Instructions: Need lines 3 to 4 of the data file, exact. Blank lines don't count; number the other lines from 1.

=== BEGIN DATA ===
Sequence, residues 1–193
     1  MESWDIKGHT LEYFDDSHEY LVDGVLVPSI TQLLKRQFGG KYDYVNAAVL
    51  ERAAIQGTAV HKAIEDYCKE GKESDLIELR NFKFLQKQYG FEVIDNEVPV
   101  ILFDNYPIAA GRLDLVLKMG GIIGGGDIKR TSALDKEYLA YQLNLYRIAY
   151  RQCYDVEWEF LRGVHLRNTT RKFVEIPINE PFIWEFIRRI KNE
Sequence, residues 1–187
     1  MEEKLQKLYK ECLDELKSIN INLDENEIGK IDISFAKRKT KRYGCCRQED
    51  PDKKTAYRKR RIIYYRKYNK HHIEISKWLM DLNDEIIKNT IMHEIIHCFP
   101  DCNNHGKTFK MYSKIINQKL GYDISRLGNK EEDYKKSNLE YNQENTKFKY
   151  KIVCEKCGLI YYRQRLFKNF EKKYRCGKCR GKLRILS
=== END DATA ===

    51  ERAAIQGTAV HKAIEDYCKE GKESDLIELR NFKFLQKQYG FEVIDNEVPV
   101  ILFDNYPIAA GRLDLVLKMG GIIGGGDIKR TSALDKEYLA YQLNLYRIAY